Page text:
Intellectual Disability: Understanding Its Development, Causes, Classification, Evaluation, and Treatment

By James C. Harris | Go to book overview

6
Understanding and Evaluating
Emotional and Behavioral
Impairment

MENTAL ILLNESS AND INTELLECTUAL DISABILITY

In English property law, intellectual disability and mental illness were differentiated in the thirteenth century. By 1690, John Locke's An Essay Concerning Human Understanding had clarified differences between intellectual disability and mental illness. Locke wrote:

The defect in [intellectual disability] seems to proceed from want of quickness,
activity, and motion in the intellectual faculties, whereby they are deprived of
reason; whereas mad men seem to suffer by the other extreme. For they do not
appear to me to have lost the faculty of reasoning: but having joined together some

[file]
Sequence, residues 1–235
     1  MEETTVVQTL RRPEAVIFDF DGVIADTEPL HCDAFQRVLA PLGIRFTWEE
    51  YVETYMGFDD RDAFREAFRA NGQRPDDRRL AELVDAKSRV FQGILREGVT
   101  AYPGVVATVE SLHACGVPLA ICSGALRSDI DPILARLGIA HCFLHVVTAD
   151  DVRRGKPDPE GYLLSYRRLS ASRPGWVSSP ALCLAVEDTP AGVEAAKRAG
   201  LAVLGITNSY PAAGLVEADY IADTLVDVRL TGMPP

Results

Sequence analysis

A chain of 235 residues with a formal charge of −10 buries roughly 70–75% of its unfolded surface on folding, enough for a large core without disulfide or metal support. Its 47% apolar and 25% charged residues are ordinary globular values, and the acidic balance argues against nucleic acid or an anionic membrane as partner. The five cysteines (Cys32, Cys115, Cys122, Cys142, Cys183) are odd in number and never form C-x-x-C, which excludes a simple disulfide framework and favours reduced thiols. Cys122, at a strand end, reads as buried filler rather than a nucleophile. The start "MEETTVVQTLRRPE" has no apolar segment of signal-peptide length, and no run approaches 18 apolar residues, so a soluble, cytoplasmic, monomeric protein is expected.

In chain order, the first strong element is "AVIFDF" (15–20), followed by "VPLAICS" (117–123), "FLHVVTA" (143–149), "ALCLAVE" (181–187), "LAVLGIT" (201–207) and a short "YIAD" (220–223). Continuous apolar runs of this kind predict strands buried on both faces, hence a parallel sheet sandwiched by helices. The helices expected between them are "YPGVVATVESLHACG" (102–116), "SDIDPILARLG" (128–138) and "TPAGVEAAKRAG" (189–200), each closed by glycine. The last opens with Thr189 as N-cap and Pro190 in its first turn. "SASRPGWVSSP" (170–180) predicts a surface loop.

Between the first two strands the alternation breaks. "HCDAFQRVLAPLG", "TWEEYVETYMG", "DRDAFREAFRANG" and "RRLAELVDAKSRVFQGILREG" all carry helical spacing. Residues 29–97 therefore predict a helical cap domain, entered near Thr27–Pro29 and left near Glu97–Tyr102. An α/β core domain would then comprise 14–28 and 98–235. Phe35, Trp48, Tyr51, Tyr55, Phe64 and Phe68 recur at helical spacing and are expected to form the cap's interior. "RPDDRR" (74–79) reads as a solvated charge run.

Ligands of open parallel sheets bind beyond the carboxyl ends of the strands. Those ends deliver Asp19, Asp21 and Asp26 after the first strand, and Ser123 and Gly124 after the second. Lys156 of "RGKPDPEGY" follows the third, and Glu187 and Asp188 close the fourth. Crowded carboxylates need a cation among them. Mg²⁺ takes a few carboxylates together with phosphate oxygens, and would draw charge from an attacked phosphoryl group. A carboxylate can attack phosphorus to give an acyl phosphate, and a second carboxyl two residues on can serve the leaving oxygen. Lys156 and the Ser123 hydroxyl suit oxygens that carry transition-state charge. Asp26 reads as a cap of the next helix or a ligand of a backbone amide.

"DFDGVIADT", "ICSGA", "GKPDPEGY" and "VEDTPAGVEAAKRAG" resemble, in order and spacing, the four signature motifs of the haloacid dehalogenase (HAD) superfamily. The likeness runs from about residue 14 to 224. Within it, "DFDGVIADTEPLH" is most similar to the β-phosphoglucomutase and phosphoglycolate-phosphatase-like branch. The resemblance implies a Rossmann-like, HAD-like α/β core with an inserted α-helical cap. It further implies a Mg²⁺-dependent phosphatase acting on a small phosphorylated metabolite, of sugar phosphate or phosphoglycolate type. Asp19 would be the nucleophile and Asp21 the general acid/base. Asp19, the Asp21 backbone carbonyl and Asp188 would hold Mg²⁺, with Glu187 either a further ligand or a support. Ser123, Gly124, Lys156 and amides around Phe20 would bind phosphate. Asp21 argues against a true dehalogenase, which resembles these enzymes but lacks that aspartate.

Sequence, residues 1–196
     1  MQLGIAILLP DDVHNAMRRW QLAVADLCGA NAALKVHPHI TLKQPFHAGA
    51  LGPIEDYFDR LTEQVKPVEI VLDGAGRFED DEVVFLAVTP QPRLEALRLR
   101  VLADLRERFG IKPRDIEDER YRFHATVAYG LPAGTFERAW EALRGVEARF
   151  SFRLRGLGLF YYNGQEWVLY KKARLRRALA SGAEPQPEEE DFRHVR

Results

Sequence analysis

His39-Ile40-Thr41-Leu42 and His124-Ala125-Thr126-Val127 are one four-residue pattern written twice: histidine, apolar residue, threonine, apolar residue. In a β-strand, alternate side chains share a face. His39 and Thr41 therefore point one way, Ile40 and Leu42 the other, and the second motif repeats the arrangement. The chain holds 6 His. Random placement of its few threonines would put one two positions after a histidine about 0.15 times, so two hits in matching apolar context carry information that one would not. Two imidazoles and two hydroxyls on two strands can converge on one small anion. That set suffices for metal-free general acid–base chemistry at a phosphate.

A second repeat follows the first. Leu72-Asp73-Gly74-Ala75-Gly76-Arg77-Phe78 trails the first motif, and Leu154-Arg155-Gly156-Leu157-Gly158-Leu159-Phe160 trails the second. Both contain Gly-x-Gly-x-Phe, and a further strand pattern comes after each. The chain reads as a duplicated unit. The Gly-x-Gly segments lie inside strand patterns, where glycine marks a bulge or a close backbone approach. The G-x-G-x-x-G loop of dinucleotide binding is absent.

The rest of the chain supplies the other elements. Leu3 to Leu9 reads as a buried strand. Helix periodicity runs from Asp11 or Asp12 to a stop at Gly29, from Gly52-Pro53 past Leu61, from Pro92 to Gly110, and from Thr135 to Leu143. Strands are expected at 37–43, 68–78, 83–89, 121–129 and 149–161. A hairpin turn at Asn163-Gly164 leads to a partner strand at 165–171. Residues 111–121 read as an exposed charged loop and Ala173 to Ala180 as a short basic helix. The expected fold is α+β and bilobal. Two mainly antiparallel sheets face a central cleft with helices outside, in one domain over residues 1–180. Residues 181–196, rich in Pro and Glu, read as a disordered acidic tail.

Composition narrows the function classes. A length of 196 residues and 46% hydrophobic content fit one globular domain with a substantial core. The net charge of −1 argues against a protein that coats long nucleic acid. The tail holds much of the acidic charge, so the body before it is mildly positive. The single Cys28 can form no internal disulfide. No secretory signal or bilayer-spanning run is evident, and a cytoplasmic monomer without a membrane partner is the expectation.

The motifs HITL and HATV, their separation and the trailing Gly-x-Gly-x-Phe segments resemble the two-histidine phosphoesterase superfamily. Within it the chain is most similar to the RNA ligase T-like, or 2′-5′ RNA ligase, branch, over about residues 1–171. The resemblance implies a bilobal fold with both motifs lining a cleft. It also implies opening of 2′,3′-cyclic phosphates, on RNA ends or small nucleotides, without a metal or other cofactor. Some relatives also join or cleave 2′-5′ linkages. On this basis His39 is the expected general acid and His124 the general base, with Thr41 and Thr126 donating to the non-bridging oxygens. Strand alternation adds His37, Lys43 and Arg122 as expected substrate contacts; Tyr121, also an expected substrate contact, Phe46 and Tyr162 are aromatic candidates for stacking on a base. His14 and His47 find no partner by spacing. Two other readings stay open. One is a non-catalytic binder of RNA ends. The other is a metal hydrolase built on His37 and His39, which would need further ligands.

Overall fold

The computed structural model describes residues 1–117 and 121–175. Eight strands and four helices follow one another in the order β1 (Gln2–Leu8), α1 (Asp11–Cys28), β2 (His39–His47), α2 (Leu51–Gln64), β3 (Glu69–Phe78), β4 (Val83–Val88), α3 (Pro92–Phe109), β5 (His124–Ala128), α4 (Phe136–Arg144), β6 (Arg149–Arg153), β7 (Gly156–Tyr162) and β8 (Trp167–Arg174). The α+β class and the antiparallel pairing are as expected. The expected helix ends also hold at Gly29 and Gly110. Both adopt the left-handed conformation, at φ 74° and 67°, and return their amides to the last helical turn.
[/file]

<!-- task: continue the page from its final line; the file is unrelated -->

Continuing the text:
ideas very wrongly … they argue right from wrong principles.… But there are
degrees of madness as folly; the disorderly jumbling of ideas together is in some
more, and some less. In short, herein seems to lie the difference between [intel-
lectually disabled] and mad men, that mad men put wrong ideas together, and so
make wrong propositions, but argue and reason right from them: but [those with
intellectual disability] make very few or no propositions, but argue and reason
scarce at all. (Scheerenberger, 1983, p. 41)

Thus, Locke is often credited with establishing the dichotomy between mental illness and intellectual disability that influenced social policy for people with intellectual disability. But he did not appreciate the capacity persons with intellectual disability do have to reason with adequate supports, nor did he consider that persons with intellectual disability are also at risk for mental illness and behavior disorders.

Historically, intellectual disability and mental illness were regarded to be mutually exclusive conditions. Affective and behavioral disturbances in individuals with intellectual disability generally were regarded as manifestations of maladaptive learning and adverse psychosocial experiences rather than as indi-

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